The oldest object GRB 090423 is dated 13.1 Bn. years old, please se post above. This giant selfcontradiction, of a gamma-flash emitted before the assembly of Earth, and now suddenly the "light" bends back to hit our telescopes, can only be made right by admitting that the Universe have to be much-much older (and bigger) than NASA states. But we can only see objects up to a distance of 13.1 Bn. light years, surely this fact does not exclude the theory of a much-much older(larger) Universe.
Therefore no matter at which direction we observe today , we see the same picture, from the inside of a "little" spheric cutout with a radius of 13.1 Bn light years, appearing very uniform in density (the same all around). If we agree that the Universe is much-much bigger (read older), than the 13.7 Bn. years, ( quote Nasa WMAP 07 19 2010 ".. we can estimate the age of the universe to about 1%: 13.7 ± 0.13 billion years!
"), -lots of paradoxes will disappear, and some contradictions wil be fixed, like the age of GRB 090423, that could be correct !
I know that NASA is a heavyweight opponent, but they have been wrong many times before.
I am also thinking about a model with 2 different fronts... one from the inflation-event(field-preparation-front), and a slower one from the expansion-event(photons etc.). Will return with more about this later.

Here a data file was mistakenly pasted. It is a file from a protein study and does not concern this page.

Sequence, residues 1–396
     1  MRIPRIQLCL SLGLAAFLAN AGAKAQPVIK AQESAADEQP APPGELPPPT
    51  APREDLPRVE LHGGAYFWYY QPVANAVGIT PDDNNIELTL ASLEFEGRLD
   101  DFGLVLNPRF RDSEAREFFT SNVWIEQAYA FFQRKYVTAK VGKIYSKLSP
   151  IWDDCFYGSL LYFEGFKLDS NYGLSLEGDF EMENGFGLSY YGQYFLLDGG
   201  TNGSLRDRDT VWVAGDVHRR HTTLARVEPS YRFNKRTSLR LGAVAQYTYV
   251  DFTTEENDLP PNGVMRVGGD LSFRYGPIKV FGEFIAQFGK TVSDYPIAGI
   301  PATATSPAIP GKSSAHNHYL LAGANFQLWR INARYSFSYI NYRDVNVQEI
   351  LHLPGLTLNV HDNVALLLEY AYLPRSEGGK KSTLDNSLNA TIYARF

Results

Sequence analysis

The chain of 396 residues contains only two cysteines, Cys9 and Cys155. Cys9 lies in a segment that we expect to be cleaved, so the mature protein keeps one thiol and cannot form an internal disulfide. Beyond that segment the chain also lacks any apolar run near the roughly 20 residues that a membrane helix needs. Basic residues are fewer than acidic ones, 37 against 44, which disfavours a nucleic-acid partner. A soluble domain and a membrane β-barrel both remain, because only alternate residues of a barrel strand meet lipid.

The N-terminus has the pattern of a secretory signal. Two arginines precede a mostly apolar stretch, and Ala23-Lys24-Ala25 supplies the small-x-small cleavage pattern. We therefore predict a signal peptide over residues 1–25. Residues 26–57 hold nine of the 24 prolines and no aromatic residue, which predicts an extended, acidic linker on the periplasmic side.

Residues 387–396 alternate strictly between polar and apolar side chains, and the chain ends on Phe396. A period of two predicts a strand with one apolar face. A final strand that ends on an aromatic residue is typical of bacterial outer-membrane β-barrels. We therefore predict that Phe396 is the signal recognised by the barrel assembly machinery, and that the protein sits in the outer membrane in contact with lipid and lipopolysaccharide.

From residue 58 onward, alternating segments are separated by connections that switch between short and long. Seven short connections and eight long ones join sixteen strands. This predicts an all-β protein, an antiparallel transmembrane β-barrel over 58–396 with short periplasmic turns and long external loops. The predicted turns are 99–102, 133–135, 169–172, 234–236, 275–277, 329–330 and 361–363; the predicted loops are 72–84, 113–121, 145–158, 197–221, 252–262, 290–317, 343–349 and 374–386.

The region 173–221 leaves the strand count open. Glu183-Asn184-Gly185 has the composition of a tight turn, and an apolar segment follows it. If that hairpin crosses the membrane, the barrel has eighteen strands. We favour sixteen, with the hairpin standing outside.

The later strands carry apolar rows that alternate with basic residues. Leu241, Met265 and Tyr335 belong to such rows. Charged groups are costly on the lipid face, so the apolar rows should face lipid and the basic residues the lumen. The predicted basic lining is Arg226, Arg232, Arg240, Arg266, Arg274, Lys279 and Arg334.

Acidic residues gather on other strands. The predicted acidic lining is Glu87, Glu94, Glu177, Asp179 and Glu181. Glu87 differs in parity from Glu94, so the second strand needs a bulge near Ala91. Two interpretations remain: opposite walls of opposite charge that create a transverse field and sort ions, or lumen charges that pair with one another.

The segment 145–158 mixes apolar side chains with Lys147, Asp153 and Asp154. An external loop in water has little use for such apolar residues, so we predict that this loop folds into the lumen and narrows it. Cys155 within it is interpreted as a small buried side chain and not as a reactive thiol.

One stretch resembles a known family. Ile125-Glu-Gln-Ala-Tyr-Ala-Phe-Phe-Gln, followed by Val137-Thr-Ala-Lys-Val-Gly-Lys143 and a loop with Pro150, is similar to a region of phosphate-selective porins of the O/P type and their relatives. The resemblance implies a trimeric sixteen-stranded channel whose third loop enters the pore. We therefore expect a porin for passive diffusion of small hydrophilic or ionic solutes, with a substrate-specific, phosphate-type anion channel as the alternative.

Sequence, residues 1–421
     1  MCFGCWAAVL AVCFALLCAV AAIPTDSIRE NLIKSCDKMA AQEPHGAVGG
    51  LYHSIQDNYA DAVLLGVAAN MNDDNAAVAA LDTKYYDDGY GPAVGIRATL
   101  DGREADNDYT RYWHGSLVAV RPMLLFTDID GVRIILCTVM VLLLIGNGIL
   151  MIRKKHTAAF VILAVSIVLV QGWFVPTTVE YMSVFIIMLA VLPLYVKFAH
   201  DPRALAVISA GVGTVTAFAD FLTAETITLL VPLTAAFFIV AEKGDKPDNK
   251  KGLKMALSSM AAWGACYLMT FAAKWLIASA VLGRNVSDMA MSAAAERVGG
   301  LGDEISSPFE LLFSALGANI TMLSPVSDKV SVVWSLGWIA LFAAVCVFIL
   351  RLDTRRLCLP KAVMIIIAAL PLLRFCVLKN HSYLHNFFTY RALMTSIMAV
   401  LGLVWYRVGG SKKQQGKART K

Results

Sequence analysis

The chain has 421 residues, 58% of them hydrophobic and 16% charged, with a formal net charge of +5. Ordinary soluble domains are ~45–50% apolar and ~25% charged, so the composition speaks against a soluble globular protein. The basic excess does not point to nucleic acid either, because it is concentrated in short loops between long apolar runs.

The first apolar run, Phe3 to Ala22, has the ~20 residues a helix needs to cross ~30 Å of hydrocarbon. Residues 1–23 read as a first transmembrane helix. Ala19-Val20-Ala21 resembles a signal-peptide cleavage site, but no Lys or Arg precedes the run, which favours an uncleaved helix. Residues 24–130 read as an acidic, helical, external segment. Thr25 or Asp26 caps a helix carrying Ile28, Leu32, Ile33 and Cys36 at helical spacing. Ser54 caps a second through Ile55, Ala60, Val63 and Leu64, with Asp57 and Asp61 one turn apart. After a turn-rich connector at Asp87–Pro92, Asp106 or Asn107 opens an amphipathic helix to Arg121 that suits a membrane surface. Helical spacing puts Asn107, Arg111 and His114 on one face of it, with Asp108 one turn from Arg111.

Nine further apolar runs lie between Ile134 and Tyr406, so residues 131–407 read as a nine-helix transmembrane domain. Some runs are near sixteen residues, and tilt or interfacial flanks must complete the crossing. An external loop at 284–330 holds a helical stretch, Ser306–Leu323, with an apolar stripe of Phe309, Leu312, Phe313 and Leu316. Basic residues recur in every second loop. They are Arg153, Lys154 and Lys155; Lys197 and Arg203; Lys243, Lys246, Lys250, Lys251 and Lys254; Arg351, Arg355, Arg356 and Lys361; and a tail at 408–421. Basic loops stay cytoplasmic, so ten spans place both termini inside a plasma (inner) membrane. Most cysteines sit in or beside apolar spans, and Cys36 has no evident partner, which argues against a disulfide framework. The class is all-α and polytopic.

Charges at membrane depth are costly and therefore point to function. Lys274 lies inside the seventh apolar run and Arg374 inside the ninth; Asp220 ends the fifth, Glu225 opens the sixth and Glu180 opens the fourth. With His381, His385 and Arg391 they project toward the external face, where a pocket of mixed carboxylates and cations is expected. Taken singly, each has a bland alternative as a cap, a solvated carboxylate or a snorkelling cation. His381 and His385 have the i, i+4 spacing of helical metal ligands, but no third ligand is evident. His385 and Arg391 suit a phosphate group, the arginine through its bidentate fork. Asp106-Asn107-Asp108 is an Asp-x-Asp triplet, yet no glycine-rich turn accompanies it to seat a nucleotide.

Yours, spoon

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PostPosted: Wed Jan 26, 2011 12:13 pm 
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Demios,
You say : "I have considered such models and they just don't work. If they did then people would be saying "Imagine raisin bread in 3D ..." but they don't they say "Imagine a ballon surface ...".
I really don't see the point here..! the growing dough model is in 3D already, dont imagine, just watch it grow, and BTW I don't think the dough-model is flawless, just better and simpler. Don't get stuck with the balloon-model, just because it's in many books for students, and has been for many years...Move forward and start thinking new thoughts.. and maybe we will find some new theories/facts, that will help us understand everything...